Could you live with just 98 things?

A few years ago, I was given a copy of a book called "Flanagan's Smart Home." Designer Barbara Flanagan had created an ode to "the 98 essentials for starting out, starting over, scaling back." The premise of her book was that a person could outfit a home completely with just 98 objects.

Not 100. Not a round number. She came up with 98, from a laptop to a measuring cup to a feather duster. Then she just couldn't think of two more.

I found the specificity of "98" quite charming. As with all lists, there's much to argue with. I have lived quite well these last few years without a salad spinner, ironing board or official sugar bowl or creamer (four items that make Flanagan's list). The idea of using linen napkins instead of paper towels with little ones is just silly. And, of course, this list is for adults only. There are no toys, high chairs, cribs and other child necessities that quickly inflate one's possession list. But there is something appealing about having an absolute and total inventory of all the things to put in a house. Indeed, there's a whole school of thought referred to as minimalism (see Nina Yau's Castles in the Air blog for an explanation) in which people often aim to own 100 things or less. Nina's list, last time I talked with her, was down to 34 things.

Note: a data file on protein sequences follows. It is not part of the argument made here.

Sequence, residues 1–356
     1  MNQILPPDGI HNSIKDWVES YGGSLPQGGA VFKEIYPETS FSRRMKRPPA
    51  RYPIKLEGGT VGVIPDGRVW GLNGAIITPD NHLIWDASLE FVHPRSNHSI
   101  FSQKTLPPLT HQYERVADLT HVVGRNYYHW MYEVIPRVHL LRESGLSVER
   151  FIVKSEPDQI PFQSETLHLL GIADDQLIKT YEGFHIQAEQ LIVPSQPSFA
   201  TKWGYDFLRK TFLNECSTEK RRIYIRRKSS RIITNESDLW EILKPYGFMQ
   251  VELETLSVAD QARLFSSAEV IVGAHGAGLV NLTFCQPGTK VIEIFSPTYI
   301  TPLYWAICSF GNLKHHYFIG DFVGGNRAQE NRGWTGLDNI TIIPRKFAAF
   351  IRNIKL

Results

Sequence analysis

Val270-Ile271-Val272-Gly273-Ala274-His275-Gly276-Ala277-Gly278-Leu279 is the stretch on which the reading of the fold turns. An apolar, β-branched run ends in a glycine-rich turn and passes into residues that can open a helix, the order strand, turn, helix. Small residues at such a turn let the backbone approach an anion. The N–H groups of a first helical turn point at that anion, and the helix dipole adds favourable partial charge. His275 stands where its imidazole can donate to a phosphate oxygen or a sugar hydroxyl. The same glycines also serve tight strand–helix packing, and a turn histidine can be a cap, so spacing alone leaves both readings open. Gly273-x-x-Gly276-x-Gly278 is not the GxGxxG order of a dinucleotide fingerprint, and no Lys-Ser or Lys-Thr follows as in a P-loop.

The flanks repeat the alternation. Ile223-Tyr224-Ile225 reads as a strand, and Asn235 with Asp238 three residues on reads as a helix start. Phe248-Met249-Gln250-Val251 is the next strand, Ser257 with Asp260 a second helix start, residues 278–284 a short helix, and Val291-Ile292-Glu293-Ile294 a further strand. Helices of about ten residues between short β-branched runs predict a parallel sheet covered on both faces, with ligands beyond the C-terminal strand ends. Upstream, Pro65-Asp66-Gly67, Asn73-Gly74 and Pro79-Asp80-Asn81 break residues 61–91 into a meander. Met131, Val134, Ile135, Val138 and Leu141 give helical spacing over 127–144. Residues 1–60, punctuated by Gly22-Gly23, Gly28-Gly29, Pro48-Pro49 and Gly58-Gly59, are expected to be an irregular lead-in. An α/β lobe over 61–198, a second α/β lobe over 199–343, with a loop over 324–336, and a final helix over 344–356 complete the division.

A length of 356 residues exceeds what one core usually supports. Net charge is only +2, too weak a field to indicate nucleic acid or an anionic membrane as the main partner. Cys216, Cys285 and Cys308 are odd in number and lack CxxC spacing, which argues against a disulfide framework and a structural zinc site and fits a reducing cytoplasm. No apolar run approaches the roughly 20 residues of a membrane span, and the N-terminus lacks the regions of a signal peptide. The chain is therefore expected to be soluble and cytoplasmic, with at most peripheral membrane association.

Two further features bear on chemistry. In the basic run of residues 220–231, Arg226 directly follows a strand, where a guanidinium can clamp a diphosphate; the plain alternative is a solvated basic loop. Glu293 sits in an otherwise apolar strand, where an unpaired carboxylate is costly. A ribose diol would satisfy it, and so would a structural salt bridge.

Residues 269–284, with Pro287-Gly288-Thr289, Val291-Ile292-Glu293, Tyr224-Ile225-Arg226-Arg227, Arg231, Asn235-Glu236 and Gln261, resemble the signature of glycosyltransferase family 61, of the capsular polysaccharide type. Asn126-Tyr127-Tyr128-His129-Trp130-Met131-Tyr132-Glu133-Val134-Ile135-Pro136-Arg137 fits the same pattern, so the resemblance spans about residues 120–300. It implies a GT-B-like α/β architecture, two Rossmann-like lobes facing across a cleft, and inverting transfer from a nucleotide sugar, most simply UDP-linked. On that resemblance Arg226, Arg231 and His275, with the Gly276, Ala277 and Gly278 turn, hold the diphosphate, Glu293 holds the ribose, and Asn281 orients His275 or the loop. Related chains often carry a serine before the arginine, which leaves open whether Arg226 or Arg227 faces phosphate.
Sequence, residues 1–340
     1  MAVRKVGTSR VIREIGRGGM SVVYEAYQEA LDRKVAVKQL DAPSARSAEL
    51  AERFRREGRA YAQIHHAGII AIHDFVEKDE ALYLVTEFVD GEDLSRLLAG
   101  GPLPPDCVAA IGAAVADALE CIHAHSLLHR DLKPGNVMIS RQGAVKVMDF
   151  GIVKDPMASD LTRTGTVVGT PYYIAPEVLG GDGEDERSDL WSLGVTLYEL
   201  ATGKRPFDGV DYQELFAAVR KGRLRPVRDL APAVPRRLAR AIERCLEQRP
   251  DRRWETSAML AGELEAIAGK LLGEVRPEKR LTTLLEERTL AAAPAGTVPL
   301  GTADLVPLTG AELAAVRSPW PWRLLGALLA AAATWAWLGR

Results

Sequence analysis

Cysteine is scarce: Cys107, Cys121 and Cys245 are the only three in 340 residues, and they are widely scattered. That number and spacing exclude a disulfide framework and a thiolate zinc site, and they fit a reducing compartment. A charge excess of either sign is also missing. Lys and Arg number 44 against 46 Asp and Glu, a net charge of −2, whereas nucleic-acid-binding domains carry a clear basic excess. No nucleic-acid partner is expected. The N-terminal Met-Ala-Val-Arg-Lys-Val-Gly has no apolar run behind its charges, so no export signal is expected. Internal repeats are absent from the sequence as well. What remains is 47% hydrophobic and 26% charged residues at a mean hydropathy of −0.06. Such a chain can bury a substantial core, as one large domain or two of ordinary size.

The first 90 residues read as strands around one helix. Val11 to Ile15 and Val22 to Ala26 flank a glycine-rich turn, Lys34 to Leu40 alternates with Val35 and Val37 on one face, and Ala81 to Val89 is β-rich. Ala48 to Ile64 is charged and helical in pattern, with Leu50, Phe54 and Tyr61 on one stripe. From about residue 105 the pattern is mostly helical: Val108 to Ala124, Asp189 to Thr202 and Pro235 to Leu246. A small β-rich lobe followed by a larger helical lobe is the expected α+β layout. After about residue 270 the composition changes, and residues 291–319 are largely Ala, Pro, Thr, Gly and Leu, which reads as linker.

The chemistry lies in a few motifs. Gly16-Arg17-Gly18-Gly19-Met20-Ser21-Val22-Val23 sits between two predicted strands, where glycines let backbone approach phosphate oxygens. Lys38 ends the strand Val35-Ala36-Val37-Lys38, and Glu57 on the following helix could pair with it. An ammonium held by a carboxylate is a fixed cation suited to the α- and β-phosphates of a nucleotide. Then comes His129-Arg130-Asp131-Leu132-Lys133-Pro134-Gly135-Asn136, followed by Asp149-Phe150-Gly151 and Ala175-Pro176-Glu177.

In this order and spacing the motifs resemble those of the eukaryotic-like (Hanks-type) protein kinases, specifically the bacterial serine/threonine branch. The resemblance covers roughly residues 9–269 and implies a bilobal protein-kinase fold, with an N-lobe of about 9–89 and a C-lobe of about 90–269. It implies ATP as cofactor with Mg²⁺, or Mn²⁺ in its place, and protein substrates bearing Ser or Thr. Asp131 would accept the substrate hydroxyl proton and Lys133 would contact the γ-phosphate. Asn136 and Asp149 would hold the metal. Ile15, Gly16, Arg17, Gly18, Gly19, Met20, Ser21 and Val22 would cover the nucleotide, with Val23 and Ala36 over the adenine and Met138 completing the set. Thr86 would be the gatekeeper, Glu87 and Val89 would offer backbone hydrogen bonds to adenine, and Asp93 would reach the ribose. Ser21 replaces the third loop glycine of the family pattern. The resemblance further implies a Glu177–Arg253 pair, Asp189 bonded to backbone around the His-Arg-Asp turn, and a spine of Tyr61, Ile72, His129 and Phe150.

So what is the point of all this paring? Quite simply, when you own as few things as possible, you are able to travel light. When you don't spend your money on stuff, you tend to spend it on experiences instead. In general, experiences make people happier than things. We anticipate our fun beforehand, relish it as we're living it, and then savor the memory afterwards. Experiences are also variable -- lunch with friends is never the same -- and variability forestalls adaptation. The extra chair you never use is the same tomorrow as it was yesterday. You get used to it. That $400 could have been better spent on other things.

To be sure, the dividing line is fuzzy. My porch furniture is probably my best purchase ever. A tent is an object, but it enables camping. I'm glad to have one in my inventory (which is, to be honest, far above the 98-object limit). I'm enjoying getting reacquainted with a Yamaha keyboard these days, and my kids are not about to give up the TV. And since the TV enables me to have some occasional quiet time while my other family members are watching it, I kind of consider it an experience, too. But it's an interesting thought experiment. If you could only take 100 things into a new life, what would they be? If you kept yourself to 100 possessions, what would you spend your money on instead?

Image courtesy of Flickr user craigemorsels.

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